Wednesday, March 2, 2011

Phenomenology of Spirit, Preface, paragraph 15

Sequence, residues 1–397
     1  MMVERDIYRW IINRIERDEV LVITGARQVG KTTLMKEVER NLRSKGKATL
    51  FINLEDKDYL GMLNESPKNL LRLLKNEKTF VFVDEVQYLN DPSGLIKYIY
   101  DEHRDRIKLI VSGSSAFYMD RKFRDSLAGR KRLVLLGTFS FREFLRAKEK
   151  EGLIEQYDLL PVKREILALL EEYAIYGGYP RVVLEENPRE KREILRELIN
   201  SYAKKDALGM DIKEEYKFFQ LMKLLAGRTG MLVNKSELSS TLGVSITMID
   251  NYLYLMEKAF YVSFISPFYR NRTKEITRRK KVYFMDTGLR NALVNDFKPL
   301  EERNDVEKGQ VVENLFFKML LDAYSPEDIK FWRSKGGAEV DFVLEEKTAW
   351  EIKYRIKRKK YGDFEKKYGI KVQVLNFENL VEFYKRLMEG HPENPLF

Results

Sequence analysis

With regard to content, the other side no doubt at times makes it sound easy enough to have a wide extension. They haul on to their soil a quantity of material, namely, that which is already familiar and arranged in order; and since they are concerned more especially about what is exceptional, strange, and curious, they seem all the more to be in possession of the rest – which knowledge in its way was finished and done with – as well as to have control over what was unregulated and disorderly. Hence they appear to have brought everything within the compass of the absolute idea, which seems thus to be recognized in all of it, and to have been broadened into extensive science. But if we look more closely at this expansion we find that it has not been reached by one and the same principle taking shape in diverse ways; it is the shapeless repetition of one and the same thing applied in an external fashion to different material, the wearisome reiteration of which keeps up the semblance of diversity. The idea, for itself indeed true, really never gets off the ground as long as the development of it consists in nothing else than such a repetition of the same formula. The knowing subject carrying around in the present the one unmoved form, dipping the material from outside into this static element, this, as little as arbitrary notions regarding the content, is the fulfillment of that which was required  – a self-originated wealth and a self-determining distinction of shapes. It is rather a monochrome formalism, which only arrives at distinction of material because of the latter's having already been prepared and known.

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